Sample History Essay Paper on The British Empire

The British Empire

At its peak, the British Empire was the vastest empire historically, which was a product of the European age of discovery that was directed by the start of exploration in the late 15th century.

Geographical Coverage of the Empire

The geographical extend of the British Empire at the start of the 19th century was approximately 14.3 million square miles. This translates to about a quarter of the total earth coverage, thus their influences was vast (Jackson, 2013).


The British Military was sub-divided into several sub-sections, and are historically recorded as having the highest number and organized military (Samson, 2001). One branch of their military was the Royal navy, which had superiority in the sea at that period. The period of nineteenth century saw a superior British royal navy that could deliver its soldiers anywhere in the world and at the same time restrict any enemy movement on water. It is the reason why the British Empire was able to conquer vast regions and at the same time defend the new territories. One feature of the navy ships was the floating gun that was too intimidating to any resistance both on land or sea.

Another branch of the British military was the army that served in the Empire, although their number was quite low as compared to the other branches. The trend of having few military forces on British soil has always been there from time and again since the seventeenth century. The reason behind it is to maintain independence of the army against political inclination thus prevent a coup, which has been effective over the last many years (Jackson, 2013).

Another branch of the military was the royal air force that was redesigned from the Royal flying corps of World War I. The projection of the power of the weapons and assistance it provided grew over the years, giving the British Empire the power to control the air. It was a great boost towards the prowess of the Empire’s military force, but it required all hands for great results to be seen.

Political Structure

The wide range of the British Empire made it impossible to keep up with well-coordinated and homogeneous institutions (Samson, 2001). At the initial stages after conquering most parts, the governance and administrative duties were delegated to boards and trustee companies. However, over time, resistance and wars stretched financial abilities for these companies to continue ruling on behalf of the Empire. Over time with decolonization of most of the conquered states, the administrations changed and evolved with each state depending on themselves to police and develop their own governance structure.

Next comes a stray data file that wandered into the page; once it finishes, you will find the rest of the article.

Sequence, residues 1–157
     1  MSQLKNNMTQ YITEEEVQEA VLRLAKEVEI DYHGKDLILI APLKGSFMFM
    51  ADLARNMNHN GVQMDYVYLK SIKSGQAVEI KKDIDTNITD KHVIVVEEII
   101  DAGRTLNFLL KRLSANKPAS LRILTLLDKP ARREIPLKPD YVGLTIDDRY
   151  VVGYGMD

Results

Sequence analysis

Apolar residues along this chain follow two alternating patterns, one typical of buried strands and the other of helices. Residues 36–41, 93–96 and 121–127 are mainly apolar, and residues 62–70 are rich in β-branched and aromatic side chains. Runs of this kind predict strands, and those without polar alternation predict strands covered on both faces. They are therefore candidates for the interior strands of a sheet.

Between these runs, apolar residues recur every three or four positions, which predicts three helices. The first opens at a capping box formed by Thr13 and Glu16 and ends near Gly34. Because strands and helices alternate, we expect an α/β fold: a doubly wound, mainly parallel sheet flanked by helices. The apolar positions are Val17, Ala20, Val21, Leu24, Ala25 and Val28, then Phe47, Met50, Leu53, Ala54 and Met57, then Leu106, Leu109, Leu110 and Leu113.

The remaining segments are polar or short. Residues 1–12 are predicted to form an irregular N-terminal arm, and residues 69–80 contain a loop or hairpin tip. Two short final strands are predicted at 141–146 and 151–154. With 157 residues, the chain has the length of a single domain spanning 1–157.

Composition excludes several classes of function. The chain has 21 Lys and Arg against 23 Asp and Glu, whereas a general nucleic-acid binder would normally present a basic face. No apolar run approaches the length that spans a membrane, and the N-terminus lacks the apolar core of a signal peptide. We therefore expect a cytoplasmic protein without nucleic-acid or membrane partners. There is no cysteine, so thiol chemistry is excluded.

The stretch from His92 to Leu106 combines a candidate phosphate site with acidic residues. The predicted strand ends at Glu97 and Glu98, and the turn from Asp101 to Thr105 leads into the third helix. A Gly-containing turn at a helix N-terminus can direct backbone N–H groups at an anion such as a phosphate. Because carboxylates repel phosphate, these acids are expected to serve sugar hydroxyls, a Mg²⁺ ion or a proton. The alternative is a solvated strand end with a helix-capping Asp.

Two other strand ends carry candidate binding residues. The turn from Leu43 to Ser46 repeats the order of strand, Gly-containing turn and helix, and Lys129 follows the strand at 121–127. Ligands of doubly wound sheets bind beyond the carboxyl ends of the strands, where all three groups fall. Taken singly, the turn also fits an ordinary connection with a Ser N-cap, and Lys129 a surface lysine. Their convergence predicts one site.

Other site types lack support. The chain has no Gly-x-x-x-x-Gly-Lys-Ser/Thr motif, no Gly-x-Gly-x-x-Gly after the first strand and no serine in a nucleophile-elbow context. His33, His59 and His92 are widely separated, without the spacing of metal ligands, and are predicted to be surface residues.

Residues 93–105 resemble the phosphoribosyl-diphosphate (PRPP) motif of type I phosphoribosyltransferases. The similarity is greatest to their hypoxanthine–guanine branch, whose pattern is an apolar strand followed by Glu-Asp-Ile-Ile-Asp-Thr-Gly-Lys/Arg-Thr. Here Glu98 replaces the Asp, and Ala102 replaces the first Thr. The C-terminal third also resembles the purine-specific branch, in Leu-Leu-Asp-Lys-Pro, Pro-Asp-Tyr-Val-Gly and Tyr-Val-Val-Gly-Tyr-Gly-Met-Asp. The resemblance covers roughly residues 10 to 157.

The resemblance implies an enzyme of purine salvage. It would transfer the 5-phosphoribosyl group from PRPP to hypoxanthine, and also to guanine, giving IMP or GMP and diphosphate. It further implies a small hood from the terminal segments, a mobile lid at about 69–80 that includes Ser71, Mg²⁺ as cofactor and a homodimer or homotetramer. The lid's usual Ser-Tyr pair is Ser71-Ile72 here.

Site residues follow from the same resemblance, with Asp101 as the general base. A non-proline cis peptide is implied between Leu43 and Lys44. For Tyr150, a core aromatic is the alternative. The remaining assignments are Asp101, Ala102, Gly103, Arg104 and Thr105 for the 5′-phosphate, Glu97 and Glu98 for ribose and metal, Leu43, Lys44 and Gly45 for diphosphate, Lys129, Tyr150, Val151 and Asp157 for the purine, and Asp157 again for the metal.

The British Empire was ruled by a King and Queen, initially regarded as Emperors, assisted by the parliamentary body together with the lucrative companies in administrative duties of the Empire (Jackson, 2013).


Religion in the region during the time was Christianity, mainly dominated by Catholics and Protestant churches. Some of the nations within the British Empire were Catholics such as France, Portugal and Spain whereas other states were dominated by Protestants.


The empire was sourced and managed through trade, which brought about dominant trade companies like the East Indian Company (Samson, 2001). Additionally, slave trade boosted the growth of the British Empire, specifically conducted in the Southern American colonies and in the Caribbean. The slaves provided sufficient man power for the high demand of products transported overseas.


The empire majorly used ships to conduct their trades, mostly overseas. All products including slaves and materials exported to other regions using ships, including the military that was used for exploration purposes.


Trade was the main backbone of the economy of the British Empire, and it was one of the largest trade routes ever (Samson, 2001). With its prowess in the sea, the British Empire was able to sail anywhere in the world. Historically, countries that participated in trade with the British Empire have recognized ports to date, with great economic opportunities.

Social life

The dominance in many states forced the British to influence both the social and religious reforms in most of these countries. Additionally, education system was introduced in most countries to increase intellectual dominance to assist in governance.


Culture dominated the British Empire and it formed a strong bond with its colonies. Various arts and exhibitions were used to illustrate what the empire was all about so as to limit resistance.

Famous contributions

The British Empire rule over its colonies left behind some permanent paths in regards to political, cultural and socio-economic way of life. Additionally, modernization is traced back to the British Empire, which was the driving force behind revolution in the early centuries.


(2013). In A. Jackson, The British Empire: A Very Short Introduction (pp. 45-77). England: OUP Oxford.

(2001). In J. Samson, The British Empire (pp. 120-167). England: Oxford University Press.